Justification for the project:
Sexual and Reproductive Health has become a development issue across the world and now a major health concern in Ghana.
Statistics have revealed that sexually transmitted infections among youth of reproductive age, pregnancy related complications and unsafe induced abortions are responsible for more than 11% of maternal mortality in Ghana.
Also, about 45% of abortions in in this country are unsafe and contribute to disabilities, permanent barrens, death among other complications.
With these alarming figures, the past few years have seen significant interventions by the government through the Ministry of Health (MoH) & the GHS, NGOs and civil society organizations to address the Sexual Reproductive Health (SRH) concerns of the Ghanaian population. Some of the interventions include the introduction of series of SRH policies by the MoH/GHS, massive media campaign to create awareness and direct capacity building for adults, promotion of youth and adolescent friendly SRH programmes, among others. Menstrual Health Management (MHM) which forms an important component of Water and Sanitation Health (WASH) and SRH programmes have also been on the agenda of many countries. In Ghana much has been done on MHM, especially for girls in school as part of efforts to ensure that they continue to learn even when they are in their periods.
This said, the reason for the emphasis on Proper Menstrual Hygiene Management is obvious because it is an important determinant of the overall wellbeing of women and girls. Proper menstrual hygiene practices depend on awareness and knowledge about everything on menstruation.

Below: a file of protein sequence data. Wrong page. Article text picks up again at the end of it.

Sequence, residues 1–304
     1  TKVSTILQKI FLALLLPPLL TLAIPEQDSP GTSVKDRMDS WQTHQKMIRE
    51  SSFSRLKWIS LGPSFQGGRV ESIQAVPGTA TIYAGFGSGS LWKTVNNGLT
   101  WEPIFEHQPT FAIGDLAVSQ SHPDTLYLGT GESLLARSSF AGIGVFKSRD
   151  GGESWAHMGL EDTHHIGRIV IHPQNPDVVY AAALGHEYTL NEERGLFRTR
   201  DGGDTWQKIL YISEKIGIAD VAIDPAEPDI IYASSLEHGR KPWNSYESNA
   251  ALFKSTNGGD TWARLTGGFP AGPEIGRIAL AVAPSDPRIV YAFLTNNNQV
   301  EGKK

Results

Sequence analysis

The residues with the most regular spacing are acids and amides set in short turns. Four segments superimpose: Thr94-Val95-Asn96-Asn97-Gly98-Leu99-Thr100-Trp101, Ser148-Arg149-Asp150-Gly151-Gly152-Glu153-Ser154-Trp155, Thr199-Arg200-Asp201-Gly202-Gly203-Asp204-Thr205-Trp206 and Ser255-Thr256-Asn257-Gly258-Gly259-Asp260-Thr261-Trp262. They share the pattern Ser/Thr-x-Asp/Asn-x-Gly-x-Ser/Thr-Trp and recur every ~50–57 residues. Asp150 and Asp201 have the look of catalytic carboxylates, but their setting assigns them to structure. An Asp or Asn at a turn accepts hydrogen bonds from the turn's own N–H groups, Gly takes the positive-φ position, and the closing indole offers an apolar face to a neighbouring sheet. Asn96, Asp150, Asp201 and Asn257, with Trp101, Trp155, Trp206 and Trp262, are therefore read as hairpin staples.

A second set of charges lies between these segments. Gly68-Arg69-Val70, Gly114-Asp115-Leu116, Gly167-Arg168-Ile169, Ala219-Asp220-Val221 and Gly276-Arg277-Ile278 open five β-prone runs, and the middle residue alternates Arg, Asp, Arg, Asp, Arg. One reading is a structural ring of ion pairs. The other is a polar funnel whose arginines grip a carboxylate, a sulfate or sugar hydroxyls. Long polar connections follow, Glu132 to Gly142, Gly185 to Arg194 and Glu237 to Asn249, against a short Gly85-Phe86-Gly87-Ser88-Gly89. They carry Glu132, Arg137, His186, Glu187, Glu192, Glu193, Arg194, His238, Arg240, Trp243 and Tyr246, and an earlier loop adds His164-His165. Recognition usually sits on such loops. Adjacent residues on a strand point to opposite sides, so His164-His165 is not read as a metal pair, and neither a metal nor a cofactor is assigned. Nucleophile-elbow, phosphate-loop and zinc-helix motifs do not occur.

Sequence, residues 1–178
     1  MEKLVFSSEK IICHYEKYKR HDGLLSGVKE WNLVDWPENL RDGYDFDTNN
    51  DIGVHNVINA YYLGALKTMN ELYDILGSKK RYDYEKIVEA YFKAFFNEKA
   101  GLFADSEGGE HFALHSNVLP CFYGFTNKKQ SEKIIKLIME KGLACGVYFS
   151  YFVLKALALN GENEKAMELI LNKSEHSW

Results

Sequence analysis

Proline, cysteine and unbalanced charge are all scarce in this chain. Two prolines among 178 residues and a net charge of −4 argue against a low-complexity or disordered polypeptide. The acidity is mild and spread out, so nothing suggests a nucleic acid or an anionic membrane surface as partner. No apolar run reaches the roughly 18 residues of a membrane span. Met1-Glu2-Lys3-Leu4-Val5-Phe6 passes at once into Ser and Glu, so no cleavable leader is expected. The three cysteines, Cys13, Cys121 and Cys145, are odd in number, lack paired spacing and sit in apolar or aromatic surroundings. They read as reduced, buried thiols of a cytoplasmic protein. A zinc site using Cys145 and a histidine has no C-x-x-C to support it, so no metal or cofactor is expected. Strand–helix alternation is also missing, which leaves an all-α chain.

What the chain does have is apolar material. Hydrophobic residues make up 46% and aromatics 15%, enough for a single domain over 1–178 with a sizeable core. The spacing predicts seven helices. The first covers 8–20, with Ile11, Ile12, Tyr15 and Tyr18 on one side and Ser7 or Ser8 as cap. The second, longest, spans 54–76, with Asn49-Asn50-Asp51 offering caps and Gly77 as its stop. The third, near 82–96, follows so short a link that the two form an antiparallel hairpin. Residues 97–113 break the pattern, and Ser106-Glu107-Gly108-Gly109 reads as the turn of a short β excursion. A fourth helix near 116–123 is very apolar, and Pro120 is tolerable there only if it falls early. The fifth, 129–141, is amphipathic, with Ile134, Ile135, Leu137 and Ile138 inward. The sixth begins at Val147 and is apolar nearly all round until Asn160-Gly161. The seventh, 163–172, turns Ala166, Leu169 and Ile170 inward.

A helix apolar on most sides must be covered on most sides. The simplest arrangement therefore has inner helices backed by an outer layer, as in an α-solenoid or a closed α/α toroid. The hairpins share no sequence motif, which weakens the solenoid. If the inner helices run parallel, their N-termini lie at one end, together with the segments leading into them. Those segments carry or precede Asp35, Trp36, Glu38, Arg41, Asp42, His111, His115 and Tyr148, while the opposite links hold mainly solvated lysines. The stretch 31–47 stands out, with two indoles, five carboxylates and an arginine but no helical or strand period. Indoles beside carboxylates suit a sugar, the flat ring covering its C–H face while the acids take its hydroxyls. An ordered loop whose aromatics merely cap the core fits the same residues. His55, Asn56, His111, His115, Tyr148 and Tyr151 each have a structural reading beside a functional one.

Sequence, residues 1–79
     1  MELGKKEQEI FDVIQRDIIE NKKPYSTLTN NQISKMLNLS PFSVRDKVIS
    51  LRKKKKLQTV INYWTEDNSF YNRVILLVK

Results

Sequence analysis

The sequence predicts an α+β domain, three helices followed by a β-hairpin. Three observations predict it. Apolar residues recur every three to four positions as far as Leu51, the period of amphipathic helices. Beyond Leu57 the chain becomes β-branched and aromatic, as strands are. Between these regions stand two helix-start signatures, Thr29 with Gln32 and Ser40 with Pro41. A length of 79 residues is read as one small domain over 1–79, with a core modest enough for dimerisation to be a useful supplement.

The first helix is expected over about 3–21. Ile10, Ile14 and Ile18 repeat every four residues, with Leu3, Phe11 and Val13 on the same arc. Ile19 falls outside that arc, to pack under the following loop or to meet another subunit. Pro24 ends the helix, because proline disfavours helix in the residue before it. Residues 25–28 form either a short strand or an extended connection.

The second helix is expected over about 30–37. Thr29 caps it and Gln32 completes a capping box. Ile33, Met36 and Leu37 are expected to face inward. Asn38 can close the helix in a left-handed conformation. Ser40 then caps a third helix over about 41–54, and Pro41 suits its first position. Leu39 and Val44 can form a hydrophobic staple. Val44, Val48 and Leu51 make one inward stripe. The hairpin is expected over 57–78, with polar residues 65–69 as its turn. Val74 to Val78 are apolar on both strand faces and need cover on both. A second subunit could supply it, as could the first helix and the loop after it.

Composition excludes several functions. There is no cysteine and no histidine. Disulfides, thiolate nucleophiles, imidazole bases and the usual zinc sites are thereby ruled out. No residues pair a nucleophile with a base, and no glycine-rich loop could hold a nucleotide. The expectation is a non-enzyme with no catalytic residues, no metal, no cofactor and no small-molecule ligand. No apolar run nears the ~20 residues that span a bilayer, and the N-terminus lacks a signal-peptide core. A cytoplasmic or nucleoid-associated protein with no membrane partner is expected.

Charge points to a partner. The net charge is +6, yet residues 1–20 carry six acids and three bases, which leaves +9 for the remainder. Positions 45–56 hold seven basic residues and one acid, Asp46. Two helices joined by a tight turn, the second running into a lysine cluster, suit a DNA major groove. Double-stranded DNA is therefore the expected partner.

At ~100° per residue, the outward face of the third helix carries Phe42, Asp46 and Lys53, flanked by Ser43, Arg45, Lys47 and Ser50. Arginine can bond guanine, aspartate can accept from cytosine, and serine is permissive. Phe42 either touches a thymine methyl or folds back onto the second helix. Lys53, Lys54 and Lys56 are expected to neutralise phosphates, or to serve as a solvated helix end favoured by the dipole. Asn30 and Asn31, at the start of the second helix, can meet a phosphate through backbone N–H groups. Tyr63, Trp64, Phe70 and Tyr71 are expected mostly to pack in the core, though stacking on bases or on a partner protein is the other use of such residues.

The level of knowledge of menstruation and its associated changes have impact on how girls react to their first menstrual experience. Women and girls who have good knowledge on menstrual issues are able to engage in more hygienic and safer menstrual practices. Such women and girls are thus less vulnerable to have reproductive tract infections and other reproductive health diseases. Therefore, awareness about menstruation and hygienic menstrual practices may help reduce reproductive tract infections and other associated diseases. There is also evidence that there is some relationship between menstrual hygiene management and school attendance and better education outcomes for girls.